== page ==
Jessica is lucky to have a stable job in the form of Isibaya, which is a long-running soapie. Her endorsement deal as Clinique South Africa’s ambassador is still ongoing, although she hasn’t worked on anything lately. In some cases, she had to let go of certain projects that were already in the pipeline. For instance, she had a sports deal she’d bagged but had to postpone indefinitely. “I was happy for them to put the plans on ice because I refuse to put myself under pressure to snap back within a month of giving birth,” she explains.
If there is one consistent factor about Jessica, it’s that she’s always dressed to the nines. However, during the sickly phase of her pregnancy, she lived in tracksuits and sweatpants for comfort — and she plans to compensate for this by being a yummy mummy. “I’m not bothered by people who assume that dolled-up moms can’t possibly be good mothers. I’ll wake up an hour early to fix myself and then prepare the baby, if I have to,” she says. Jessica will enjoy three months of maternity leave from the end of June. She intends to spend most of that time in Esikhawini in KwaZulu-Natal, where she will be initiated into motherhood by her mom. “When I asked my mom if could move back home temporarily, her answer was a resounding, ‘Yes of course; that’s not open for discussion!’ I want to be mothered while I learn how to mother.” She’ll be missing in action until January 2019.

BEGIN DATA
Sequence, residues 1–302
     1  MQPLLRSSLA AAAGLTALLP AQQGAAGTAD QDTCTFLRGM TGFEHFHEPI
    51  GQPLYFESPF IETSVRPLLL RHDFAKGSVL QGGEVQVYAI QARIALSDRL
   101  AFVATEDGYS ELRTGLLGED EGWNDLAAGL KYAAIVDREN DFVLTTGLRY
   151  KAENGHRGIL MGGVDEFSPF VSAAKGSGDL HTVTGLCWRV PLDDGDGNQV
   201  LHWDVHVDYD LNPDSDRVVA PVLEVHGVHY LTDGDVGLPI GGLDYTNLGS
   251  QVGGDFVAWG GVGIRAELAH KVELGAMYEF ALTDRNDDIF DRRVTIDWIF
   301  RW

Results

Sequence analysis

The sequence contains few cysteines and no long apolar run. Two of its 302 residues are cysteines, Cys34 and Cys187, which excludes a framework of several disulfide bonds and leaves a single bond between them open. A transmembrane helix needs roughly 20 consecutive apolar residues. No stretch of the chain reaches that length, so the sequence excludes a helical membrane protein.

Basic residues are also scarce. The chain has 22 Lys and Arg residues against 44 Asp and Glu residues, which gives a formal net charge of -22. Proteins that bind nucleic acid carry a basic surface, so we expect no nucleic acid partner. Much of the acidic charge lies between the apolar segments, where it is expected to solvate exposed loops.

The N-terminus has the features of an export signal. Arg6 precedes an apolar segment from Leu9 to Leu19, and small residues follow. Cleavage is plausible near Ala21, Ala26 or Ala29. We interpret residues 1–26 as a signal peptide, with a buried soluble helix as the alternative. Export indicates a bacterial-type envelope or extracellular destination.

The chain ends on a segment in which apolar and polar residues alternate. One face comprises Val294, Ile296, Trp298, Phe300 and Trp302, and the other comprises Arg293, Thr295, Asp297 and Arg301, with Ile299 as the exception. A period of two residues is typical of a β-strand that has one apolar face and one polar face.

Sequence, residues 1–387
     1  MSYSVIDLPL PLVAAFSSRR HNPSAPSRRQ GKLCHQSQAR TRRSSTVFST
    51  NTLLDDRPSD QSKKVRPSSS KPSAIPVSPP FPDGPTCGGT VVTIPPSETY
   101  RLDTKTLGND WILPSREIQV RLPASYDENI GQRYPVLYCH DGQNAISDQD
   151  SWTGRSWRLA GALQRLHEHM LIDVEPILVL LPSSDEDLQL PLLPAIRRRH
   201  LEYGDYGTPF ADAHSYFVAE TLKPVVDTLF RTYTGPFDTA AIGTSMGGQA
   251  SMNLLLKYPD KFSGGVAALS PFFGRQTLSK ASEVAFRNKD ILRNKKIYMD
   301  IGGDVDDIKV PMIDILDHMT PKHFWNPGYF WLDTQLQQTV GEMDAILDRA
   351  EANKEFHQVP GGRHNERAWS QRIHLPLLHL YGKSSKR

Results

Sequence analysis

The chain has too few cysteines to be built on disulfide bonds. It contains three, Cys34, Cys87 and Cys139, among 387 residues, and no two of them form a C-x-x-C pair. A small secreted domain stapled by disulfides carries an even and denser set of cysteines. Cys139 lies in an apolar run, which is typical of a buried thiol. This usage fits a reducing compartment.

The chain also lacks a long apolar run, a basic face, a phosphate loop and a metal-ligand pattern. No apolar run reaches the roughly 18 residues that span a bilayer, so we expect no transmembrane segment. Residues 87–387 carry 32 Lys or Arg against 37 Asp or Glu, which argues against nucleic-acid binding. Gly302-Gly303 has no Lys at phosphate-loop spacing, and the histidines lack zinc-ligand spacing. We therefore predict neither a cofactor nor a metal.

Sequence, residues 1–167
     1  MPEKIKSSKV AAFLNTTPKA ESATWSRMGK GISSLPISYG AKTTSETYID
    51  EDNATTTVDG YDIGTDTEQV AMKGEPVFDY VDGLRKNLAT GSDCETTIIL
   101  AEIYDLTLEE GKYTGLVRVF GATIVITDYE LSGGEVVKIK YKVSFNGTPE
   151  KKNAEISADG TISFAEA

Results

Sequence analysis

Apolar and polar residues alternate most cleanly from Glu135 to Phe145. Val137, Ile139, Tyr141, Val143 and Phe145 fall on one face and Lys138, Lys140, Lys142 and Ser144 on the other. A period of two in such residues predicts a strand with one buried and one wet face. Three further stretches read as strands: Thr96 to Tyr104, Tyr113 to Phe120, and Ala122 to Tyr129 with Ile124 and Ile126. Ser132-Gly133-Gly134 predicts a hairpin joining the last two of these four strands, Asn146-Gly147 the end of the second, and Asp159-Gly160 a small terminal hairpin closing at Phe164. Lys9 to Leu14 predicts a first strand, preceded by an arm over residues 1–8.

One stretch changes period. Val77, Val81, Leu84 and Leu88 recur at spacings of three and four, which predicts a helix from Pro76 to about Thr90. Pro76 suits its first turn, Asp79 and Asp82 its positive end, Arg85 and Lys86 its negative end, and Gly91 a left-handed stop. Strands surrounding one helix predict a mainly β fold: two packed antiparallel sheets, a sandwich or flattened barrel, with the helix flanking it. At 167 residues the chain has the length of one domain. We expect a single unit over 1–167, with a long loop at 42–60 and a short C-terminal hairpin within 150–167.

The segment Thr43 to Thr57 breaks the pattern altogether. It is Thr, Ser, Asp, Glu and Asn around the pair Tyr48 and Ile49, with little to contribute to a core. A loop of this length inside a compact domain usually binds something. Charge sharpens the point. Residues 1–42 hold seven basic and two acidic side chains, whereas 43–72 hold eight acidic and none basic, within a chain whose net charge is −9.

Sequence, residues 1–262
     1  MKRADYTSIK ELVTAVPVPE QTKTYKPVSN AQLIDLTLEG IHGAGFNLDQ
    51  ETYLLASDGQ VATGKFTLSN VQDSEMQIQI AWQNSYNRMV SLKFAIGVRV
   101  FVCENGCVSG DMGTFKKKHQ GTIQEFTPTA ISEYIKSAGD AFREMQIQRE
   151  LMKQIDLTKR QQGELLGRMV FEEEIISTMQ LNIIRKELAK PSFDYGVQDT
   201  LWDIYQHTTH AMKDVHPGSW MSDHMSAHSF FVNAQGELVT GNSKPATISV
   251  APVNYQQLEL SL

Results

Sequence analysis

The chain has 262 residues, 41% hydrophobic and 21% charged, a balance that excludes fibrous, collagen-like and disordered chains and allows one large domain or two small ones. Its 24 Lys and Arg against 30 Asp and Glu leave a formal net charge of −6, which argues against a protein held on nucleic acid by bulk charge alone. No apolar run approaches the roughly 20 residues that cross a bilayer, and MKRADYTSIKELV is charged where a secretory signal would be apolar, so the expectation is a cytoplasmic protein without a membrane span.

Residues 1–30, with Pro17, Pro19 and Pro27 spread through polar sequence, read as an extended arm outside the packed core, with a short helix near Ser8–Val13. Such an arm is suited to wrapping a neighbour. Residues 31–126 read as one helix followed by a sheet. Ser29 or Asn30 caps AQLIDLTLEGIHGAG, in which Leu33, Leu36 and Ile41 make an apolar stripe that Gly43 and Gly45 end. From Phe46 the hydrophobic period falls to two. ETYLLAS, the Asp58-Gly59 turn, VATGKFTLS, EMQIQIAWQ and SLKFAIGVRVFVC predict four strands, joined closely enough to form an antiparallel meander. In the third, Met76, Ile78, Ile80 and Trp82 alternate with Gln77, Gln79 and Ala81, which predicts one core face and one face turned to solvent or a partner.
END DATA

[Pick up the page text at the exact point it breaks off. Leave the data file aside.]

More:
Jessica plans to use her time off from Isibaya to officially launch the Jessica Nkosi Foundation, a passion project that supports learners from underprivileged schools in rural KwaZulu-Natal with uniforms. She remembers a bedroom suite her late dad had bought her, on which he’d stuck a newspaper cutout with a highlighted quote that read, “They can take everything from you but education.” The idea of a foundation was inspired by her dad’s love for education. “I don’t want a big media spectacle around the foundation’s initiatives. I just care about keeping children in school,” she explains. Her plan is to get children with no uniform, who walk long distances barefoot on gravel roads, to look good and confident so they can then be eager to learn. “I doubt a child whose school uniform is incomplete or doesn’t look like that of their peers would make getting an education their priority,” she adds.
Coming back to the subject of motherhood, we ask if she plans to have more children. Her response is a rather theatrical, “Ha wema! I’d have to hurry up because I don’t plan to have kids after 30,” she concludes